At least, that seems to be the opinion of Stephen Overell (associate director of The Work Foundation):
According to a new study, having a badly paid job can be worse for one's mental health than having no job at all.Screw their mental health! What about the mental health of the poor schlubs paying for them to stay idle?
... in general unemployed people have worse mental health than those in work. However, merely moving into work did not lead to an improvement, and the transition from unemployment to low-quality work worsened mental health. Instead, the job had to be of a certain level of "psychosocial quality" to be beneficial, meaning it had to be relatively secure, that the pay was perceived to be fair, that work demands were not excessive, and that people could exert some influence over when and how their work was done.Funny, I don’t remember fellow blogger Longrider demanding work that had a ‘certain level of psychosocial quality’ – he took work beneath his undoubted skills simply to get off the benefits list for a while.
Has Stephen never heard the phrase ‘beggars can’t be choosers’?
Work provides time structures to the day, it obliges participation in shared activities, and it generates status and identity. Without it, people and places often go to pieces: apathy sets in, simple tasks take longer, there is less social contact and what little money there is goes on luxuries before necessities.Yes, precisely. So why are low-paid jobs somehow exempt from these beneficial effects?
Countries with "work-first" policies may not necessarily increase wellbeing. In dedicating themselves single-mindedly to the quantity of jobs in a society, policymakers ignore the critical social and psychological importance of the quality of jobs.It seems Stephen thinks the only possible benefit from these jobs accrues to the people doing them.
What about the benefit to everyone else of not having to fork out to pay for their benefits?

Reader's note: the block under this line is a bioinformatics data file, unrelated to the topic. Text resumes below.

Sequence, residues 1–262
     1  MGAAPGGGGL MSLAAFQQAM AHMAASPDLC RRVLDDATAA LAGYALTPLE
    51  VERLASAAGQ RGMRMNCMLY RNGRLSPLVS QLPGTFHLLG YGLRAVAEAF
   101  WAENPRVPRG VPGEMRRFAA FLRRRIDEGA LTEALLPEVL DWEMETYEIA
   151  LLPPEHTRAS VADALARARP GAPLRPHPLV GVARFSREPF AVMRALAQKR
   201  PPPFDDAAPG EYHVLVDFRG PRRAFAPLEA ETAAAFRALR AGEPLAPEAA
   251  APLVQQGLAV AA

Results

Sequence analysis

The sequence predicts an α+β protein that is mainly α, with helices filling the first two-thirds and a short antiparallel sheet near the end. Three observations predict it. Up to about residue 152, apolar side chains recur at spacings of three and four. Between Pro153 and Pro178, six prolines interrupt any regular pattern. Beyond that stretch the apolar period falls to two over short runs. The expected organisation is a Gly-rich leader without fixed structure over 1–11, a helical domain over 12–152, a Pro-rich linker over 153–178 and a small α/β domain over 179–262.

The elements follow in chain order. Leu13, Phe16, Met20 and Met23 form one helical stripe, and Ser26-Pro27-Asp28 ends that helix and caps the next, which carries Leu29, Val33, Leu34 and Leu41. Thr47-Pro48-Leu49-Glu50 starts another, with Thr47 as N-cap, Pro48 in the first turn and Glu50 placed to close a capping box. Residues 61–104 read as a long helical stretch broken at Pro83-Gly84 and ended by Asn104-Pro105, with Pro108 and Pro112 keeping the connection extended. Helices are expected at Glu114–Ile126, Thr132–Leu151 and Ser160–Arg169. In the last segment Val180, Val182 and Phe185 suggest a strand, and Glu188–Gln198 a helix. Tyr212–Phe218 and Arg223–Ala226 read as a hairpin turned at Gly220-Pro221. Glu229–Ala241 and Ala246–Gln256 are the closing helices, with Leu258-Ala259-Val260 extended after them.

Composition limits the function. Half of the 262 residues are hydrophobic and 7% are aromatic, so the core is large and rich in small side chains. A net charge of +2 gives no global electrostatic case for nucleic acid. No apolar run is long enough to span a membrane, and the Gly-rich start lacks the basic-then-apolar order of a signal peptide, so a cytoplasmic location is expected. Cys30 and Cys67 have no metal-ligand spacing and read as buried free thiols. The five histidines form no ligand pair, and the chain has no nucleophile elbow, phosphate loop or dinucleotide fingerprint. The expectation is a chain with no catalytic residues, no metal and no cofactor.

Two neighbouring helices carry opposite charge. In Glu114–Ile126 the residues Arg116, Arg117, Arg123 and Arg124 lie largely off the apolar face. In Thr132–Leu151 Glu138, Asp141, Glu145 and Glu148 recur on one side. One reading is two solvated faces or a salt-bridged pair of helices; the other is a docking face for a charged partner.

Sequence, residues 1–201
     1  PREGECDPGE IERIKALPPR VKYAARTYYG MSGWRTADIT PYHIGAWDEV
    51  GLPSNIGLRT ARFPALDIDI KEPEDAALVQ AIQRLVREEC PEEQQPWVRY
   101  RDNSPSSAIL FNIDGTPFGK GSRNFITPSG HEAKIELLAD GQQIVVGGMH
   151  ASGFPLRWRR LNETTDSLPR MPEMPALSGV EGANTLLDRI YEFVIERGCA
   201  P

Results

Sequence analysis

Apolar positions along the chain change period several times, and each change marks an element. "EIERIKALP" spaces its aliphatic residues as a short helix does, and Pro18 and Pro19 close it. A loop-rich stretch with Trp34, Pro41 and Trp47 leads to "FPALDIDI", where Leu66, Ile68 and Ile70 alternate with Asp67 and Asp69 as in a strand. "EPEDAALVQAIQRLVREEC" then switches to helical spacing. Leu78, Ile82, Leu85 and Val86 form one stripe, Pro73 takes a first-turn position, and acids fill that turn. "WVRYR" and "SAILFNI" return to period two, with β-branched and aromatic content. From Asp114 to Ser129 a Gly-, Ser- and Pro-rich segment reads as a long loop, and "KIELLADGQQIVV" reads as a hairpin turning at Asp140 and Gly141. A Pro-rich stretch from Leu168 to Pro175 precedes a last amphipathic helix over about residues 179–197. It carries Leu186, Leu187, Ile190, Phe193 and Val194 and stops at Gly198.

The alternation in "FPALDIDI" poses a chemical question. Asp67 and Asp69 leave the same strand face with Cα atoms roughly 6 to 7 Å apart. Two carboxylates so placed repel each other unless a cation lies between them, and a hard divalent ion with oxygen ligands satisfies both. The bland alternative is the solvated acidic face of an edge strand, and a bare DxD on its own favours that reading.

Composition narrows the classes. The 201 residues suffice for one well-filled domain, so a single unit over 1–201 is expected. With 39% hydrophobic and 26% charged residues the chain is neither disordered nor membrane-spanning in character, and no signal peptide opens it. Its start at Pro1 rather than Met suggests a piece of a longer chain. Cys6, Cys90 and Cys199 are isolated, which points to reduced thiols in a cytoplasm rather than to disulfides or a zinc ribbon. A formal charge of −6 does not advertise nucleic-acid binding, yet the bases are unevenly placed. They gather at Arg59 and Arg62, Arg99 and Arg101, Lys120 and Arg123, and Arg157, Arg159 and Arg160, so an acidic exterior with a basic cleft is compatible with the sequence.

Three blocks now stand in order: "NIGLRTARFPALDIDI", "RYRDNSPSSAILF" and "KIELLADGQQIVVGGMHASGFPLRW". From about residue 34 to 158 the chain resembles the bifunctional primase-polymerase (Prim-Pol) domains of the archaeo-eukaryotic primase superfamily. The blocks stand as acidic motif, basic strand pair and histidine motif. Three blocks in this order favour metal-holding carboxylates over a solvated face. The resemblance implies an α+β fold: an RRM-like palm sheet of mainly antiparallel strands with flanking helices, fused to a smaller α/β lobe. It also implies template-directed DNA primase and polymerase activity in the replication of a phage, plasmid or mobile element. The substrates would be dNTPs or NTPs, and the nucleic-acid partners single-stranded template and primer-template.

Such a message is, of course, particularly relevant in Britain – though unfortunately most of it will go unheard. Under the slogan of "making work pay", the coalition aims to incentivise the workless to take work, arguing that doing so will help the life chances of individuals and families. The blind spot is in imagining any job will do. The evidence suggests it won't.Your evidence, you mean? Hey, let’s give it a try. The evidence might, after all, be wrong, mightn’t it?
Faced with the challenge of job quality there is a tendency among politicians to think not much can be done, aside from attempting to encourage growth so that people can change jobs if they want to.You mean politicians are learning that they can’t micromanage everything?
Well, bring it on! That’s great news!
Admittedly, subtle issues of autonomy and stress do not lend themselves to quick regulatory fixes. Yet, as the Australian study points out, job quality has historically been an area where political intervention has brought far-reaching social advances – for example through minimum wages or laws on working time. The absurdity of our current situation lies in imagining that the nature of work is now a political and social irrelevance so long as jobs exist.The Australian study? Oh, now you tell us that this wasn’t even a UK study!
Go away and come back with some better arguments.